Another object of the invention is to provide a canopy edge attachment of this character including means for maintaining a substantially air-tight seal permitting pressurization of the cockpit.

A still further object of the invention is to provide a canopy edge attachment of the character described that does not necessitate modification or alteration of the basic canopy construction.

Other objectives and features of the invention will become apparent from the following detailed description of typical preferred embodiments throughout which reference' Will be .made to the accompanying drawings wherein:

Figure 1 is a fragmentary side elevation illustrating a cockpit enclosure or canopy mounted on an airplane fuselage with one form of edge attachment of the invention, the broken lines illustrating the retracted or aft position of the canopy;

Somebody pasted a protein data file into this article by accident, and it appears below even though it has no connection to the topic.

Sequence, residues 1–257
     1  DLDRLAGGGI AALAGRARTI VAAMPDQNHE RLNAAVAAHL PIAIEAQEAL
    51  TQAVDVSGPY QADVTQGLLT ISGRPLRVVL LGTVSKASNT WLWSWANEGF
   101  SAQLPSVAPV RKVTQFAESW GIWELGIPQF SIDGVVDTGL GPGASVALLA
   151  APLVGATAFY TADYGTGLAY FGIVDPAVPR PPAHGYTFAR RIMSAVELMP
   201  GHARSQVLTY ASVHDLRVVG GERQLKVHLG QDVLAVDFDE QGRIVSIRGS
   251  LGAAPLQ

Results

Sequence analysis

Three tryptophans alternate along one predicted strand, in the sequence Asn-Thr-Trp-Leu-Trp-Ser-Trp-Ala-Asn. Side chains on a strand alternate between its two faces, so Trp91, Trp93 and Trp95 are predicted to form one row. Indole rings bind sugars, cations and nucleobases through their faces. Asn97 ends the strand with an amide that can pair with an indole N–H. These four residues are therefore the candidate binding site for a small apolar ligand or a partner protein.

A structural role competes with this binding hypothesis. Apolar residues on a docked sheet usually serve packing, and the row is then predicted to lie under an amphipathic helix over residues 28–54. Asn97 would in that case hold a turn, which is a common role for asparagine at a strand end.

Figure 2 is an enlarged fragmentary vertical sectional view taken as indicated by line 2-2 on Figure 1;

Figure 3 is an enlarged fragmentary side elevation of the edge attachment means with a portion of the track broken away to illustrate the rollers and edge of the canopy in elevation;

Figure 4 is a view similar to Figure 2, illustrating an internal reinforcement for the roller mounting pin;

Figure 5 is a fragmentary perspective view with certain parts appearing in vertical cross-section and illustrating another form of the invention; and

Figure 6 is a schematic or diagrammatic end view of the canopy and the edge attachments therefor with broken lines illustrating, in an exaggerated manner, the positions of the parts assumed when the canopy expands and contracts due to temperature changes.